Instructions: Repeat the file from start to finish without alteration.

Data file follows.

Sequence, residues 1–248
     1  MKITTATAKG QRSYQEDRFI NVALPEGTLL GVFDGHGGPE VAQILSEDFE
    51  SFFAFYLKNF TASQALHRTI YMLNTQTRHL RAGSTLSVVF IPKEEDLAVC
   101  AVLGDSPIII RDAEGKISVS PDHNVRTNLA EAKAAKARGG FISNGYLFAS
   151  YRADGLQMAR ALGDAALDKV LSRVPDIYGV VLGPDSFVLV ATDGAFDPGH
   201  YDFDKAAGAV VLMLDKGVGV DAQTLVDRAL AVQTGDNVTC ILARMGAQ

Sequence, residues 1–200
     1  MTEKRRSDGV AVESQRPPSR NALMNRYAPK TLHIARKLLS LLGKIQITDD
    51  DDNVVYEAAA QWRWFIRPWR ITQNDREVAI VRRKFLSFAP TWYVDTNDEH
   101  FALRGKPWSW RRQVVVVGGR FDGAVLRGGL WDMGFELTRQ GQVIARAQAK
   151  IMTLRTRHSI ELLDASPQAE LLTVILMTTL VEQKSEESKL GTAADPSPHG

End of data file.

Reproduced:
Sequence, residues 1–248
     1  MKITTATAKG QRSYQEDRFI NVALPEGTLL GVFDGHGGPE VAQILSEDFE
    51  SFFAFYLKNF TASQALHRTI YMLNTQTRHL RAGSTLSVVF IPKEEDLAVC
   101  AVLGDSPIII RDAEGKISVS PDHNVRTNLA EAKAAKARGG FISNGYLFAS
   151  YRADGLQMAR ALGDAALDKV LSRVPDIYGV VLGPDSFVLV ATDGAFDPGH
   201  YDFDKAAGAV VLMLDKGVGV DAQTLVDRAL AVQTGDNVTC ILARMGAQ

Sequence, residues 1–200
     1  MTEKRRSDGV AVESQRPPSR NALMNRYAPK TLHIARKLLS LLGKIQITDD
    51  DDNVVYEAAA QWRWFIRPWR ITQNDREVAI VRRKFLSFAP TWYVDTNDEH
   101  FALRGKPWSW RRQVVVVGGR FDGAVLRGGL WDMGFELTRQ GQVIARAQAK
   151  IMTLRTRHSI ELLDASPQAE LLTVILMTTL VEQKSEESKL GTAADPSPHG